Off line advertising is a great way to get an extra traffic boost, but it can be very expensive if you haven't done it before....
There is a 'fixed', published rate for advertising in newspapers and magazines. This is called "rate-card" price. The 'rate-card' is a newspapers or magazines published "priced list" of space in publication concerned.
Does "rate-card" price reflect average price you could expect to pay in publication concerned? NO! It represents absolute highest, top dollar rate you could ever be insane enough to contemplate paying!! The "rate card" price for say, Daily Mirror would be £5000 price. The"rate card is a kind of wish list from newspapers. This is price they would like to get for all of their adverts.
This is what they consider space to be "really" worth. In practice, they hardly EVER get "rate card" for an advert, and most of time they get half of one-third of rate card prices.
However, if you are naive little bunny, and you telephone any national newspaper classified department and say to them; "Hey, look, I'm a rank amateur in this business, I was wondering if you could see your way clear to telling me how much my half-page advert would cost to insert in your excellent publication."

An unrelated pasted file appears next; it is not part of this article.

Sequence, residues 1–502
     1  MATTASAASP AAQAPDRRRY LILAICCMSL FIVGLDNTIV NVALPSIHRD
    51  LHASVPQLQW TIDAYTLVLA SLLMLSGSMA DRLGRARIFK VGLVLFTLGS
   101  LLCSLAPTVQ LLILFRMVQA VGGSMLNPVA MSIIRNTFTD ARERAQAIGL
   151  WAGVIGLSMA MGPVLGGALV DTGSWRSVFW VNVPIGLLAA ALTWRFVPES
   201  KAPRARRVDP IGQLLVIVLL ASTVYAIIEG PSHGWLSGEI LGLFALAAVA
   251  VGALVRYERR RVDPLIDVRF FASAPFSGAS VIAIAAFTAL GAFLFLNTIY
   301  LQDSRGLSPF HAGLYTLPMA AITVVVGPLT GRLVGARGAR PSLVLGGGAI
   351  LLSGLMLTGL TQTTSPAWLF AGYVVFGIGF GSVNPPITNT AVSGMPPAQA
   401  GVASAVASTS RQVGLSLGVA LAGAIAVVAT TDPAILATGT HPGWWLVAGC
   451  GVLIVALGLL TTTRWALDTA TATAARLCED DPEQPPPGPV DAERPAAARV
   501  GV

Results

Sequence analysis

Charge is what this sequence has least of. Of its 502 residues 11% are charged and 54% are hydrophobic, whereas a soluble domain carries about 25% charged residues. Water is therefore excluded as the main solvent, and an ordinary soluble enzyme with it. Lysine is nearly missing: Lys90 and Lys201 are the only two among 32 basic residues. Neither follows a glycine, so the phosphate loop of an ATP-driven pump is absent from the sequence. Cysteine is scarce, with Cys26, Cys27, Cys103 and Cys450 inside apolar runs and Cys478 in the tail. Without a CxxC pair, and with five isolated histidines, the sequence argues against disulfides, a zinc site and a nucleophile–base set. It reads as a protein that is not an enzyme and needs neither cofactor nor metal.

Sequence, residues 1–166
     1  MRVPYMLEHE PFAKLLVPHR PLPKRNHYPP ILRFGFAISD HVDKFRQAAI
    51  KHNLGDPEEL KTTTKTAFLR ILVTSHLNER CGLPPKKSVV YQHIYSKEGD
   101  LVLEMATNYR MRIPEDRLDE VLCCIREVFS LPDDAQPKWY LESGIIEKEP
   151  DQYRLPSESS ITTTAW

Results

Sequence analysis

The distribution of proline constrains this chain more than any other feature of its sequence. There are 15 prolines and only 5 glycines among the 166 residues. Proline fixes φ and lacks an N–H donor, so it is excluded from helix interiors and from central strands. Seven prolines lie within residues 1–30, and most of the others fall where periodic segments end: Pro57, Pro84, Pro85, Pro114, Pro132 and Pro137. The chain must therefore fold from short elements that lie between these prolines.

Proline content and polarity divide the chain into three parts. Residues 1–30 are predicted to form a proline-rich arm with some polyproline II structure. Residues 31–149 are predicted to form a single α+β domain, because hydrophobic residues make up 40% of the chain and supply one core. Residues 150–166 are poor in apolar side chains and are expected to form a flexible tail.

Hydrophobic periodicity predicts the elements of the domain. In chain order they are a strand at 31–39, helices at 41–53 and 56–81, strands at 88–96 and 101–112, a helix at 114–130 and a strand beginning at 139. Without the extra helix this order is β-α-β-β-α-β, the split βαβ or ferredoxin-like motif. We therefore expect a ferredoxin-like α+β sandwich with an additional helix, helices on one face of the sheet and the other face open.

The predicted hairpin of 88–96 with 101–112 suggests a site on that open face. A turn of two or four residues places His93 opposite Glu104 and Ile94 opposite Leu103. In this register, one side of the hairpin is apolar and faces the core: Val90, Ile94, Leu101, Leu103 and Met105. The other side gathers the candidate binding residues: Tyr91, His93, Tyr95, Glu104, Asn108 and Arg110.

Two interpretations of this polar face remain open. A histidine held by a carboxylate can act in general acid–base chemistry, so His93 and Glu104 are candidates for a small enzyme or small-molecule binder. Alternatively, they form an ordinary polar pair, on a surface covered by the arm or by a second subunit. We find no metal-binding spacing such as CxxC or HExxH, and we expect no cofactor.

They will reply......
"Why certainly sir, our rate card for that advert is....let me see now....ah yes, £5000."
And you hop away thinking:- "Cripes! That's a bit steep. But if competition is paying that rate , then they must be really pulling in orders". So you stump up your five grand, and send your advert into paper. The conversation on classified desk goes something like this:-
Sue: "Here , John, you'll never guess what! You know that ACME publishing company I quoted five grand last week?"
Sue: "They've only gone and sent me a cheque and their advert!"
John: "What!!! You're pulling my plonker!"
Sue: (Laughing). No. Straight up. Look, here's cheque."
John: "Bank it, quick!"
Etc., Etc. You sit back and wait expectantly. The advert appears. The phones start ringing, first day's post arrives. The results look unpromising, but you reassure yourself that people need a bit of time to respond, and post is a bit slow etc. Next day you get about one third of post you expected. You put this down to a hold-up at sorting office. Next day you get about one tenth of post you expected. and following day you get about three letters! You start to become alarmed. Ten days later, you know you've blown about three grand. You hastily examine your advert. What's wrong with it? You look at competition. Hmm, they're offering a thirty day money-back guarantee and you're only offering fourteen. Damn! That must be it.